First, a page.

Ten years ago Richard Ogilvy of northern Scotland purchased a 40-foot, WWII-era German yacht as a renovation project.
This yacht’s original purpose was to teach officers in the German Navy basic sailing skills. Richard refused to disclose how much he paid for the old boat, nor how much he invested in its restoration to make it seaworthy – only that it amounts to tens of thousands of dollars.
But Richard could not hide the amount of time and effort he devoted to the ragged relic. For five years the 75-year-old retiree worked eight hours per day and five days per week replacing its rotting wood, fiberglass hull, rusted tackle, and installing up to date navigation equipment. He kept the yacht at his saw mill to keep costs down, but still spent a hefty sum restoring it to its former glory.
Finally in 2017 Richard and his two sons towed it to a harbor on the North Sea and lowered it into the water. Within a matter of minutes Richard’s “baby” took on water and began to sink. Richard was standing on deck as the yacht’s keel hit the bottom of the harbor, water rushed over its top, and its hull leaned against the harbor wall. For Richard the scene was heart-breaking.
What went wrong? Where did Richard fail in his renovation? What details did he overlook that his pride and joy should sink so quickly?
But what it did reveal is the upbeat attitude of the one person who should have been reduced to a puddle of tears – Richard Ogilvy, whose emotional investment in the project was enormous. After he and his sons raised the sunken yacht from the harbor, he told reporters, “Seeing the boat come out again was incredible and when we finally get it sailing in a couple of months we will be able to have a few beers, look back and laugh.”
He didn’t have a nervous breakdown. There was no ranting and cursing, no setting the yacht on fire. Ogilvy had invested too much into his sunken yacht to abandon it. He sees a bright future for this failure and he’s not about to give up on it.
When I read about Mr. Ogilvy and his sink-prone vessel it reminded me of Jesus and the apostle Peter – the man in whom Jesus had invested three years of around-the-clock training. Peter was a disciple with so much promise. He was the one who spoke up and confessed Jesus to be the Messiah, the Son of God and to him Jesus gave the keys of the kingdom (Matthew 16:16-18). He was one of Jesus’ inner circle of disciples (Peter, James, and John) and he witnessed Christ’s transfiguration and His agony in Gethsemane (Matthew 17:1-8; 26:36-56). It was only Peter who dared to step out of the boat and walk on the water to Jesus (Matthew 14:28-33). Of course, in that episode, Peter got distracted by the wind and waves and proceeded to sink like a rock – or, like Mr. Ogilvy’s yacht – but Jesus pulled him back to the surface. That event foreshadowed the night when Peter’s first real test came. That’s when Peter, who had just promised to follow Jesus to death, wilted before a servant girl and denied ever knowing Christ (Matthew 26:69-75). In his first real test, Peter sank to the bottom.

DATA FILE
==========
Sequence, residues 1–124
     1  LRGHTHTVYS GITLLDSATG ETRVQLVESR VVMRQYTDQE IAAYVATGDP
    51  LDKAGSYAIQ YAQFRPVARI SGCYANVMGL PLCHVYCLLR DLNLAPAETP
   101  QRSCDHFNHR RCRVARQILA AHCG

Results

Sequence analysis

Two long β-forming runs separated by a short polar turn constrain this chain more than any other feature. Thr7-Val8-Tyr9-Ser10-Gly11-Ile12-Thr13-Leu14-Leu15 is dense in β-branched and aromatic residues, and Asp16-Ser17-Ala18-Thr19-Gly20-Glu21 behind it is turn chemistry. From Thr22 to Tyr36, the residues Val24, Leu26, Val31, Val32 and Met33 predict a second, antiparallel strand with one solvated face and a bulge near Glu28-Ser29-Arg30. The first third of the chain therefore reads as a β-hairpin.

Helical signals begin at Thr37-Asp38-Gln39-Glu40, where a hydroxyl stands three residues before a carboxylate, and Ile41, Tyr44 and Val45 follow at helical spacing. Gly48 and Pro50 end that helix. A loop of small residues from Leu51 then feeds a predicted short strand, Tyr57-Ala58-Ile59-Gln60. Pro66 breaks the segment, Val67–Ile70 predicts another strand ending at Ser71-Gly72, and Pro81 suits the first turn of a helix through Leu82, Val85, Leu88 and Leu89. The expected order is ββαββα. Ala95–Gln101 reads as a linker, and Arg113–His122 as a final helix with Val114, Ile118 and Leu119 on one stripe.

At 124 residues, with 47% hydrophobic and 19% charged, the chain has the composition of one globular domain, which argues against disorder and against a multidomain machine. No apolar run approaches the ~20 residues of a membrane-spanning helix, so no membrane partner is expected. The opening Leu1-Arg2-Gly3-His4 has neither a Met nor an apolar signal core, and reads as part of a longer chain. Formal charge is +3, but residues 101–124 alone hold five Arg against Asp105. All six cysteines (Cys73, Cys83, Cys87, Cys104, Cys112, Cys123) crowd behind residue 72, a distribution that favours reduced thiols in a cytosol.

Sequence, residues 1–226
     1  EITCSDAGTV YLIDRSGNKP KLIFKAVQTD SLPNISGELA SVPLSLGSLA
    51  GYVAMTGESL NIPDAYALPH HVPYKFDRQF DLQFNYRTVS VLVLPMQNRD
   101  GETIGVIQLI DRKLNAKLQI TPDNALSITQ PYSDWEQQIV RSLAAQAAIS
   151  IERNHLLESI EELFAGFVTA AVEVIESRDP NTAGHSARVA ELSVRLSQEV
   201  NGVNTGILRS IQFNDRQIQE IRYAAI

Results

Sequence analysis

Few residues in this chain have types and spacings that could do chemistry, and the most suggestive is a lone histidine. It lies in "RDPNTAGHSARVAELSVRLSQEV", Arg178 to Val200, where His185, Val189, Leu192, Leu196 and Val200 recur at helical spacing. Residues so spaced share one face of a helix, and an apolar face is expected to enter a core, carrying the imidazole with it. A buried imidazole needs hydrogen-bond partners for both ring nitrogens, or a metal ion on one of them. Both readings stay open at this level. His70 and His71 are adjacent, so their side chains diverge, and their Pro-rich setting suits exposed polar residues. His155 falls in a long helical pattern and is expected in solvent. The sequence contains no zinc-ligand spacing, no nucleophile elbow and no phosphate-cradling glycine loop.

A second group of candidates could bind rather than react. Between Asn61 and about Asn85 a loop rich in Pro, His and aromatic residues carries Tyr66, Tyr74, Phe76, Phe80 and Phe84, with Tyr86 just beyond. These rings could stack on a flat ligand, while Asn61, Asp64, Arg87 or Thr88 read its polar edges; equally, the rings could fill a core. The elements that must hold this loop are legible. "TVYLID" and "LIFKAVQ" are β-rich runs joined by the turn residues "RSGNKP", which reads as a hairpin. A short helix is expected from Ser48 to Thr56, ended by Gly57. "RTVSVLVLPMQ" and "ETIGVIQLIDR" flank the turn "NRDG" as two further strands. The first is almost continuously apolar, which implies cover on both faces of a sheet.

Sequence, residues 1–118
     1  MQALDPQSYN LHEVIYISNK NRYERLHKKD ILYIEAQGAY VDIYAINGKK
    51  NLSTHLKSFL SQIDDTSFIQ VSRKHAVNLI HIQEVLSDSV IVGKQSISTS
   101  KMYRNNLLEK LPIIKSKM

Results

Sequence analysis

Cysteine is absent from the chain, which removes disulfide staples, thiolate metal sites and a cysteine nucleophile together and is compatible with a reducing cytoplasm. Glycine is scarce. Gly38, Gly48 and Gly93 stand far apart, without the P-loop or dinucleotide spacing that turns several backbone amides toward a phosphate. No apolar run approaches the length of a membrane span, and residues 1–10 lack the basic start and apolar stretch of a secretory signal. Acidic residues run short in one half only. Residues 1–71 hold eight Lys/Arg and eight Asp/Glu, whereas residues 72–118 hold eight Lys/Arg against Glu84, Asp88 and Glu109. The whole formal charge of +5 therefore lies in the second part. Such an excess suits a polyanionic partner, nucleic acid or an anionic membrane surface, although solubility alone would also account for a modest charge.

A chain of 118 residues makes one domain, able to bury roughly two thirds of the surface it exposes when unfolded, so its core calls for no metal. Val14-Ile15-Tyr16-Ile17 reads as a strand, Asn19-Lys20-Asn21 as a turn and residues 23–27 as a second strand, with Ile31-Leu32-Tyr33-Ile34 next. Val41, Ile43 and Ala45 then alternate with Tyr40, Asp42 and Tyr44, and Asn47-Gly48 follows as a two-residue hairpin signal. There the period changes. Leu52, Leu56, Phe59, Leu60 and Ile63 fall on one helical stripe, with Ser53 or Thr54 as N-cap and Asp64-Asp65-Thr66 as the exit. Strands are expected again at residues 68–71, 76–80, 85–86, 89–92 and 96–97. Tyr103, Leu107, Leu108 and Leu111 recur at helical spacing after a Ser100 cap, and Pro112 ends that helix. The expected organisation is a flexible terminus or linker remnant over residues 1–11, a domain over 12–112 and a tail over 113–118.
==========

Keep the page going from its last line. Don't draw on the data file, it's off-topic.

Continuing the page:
What was Jesus’ reaction to this failure? Jesus had warned His disciples, “whoever denies Me before men, I will also deny him before My Father who is in heaven” (Matthew 10:33). Shouldn’t that indicate that Peter no longer had a future as Christ’s disciple?
Not at all. Jesus was not shocked by Peter’s denial. He actually predicted it (Matthew 26:34). But Jesus also predicted Peter’s restoration and future ministry as foremost among the apostles (Luke 22:31-32). Like Richard Ogilvy, who saw, at its worst moment, a future for his sunken yacht sailing on the high seas – so Jesus saw a bright future for his fallen apostle and publicly restored him (John 21:15-19).
At no time in His earthly ministry (or beyond) did Jesus ever fire one of His disciples. No matter what failures they committed, Jesus never handed any disciple a pink slip – not even to Judas. “Anyone who comes to Me I will never cast out,” Jesus promised (John 6:37). If you have failed, miserably and repeatedly, then know this. Jesus still has a glorious future for you. He will never give up on you.
Dear Lord Jesus, into Your loving and capable hands I commit myself – spirit, soul, and body. Preserve me completely and finish the good work You began in me. Amen.
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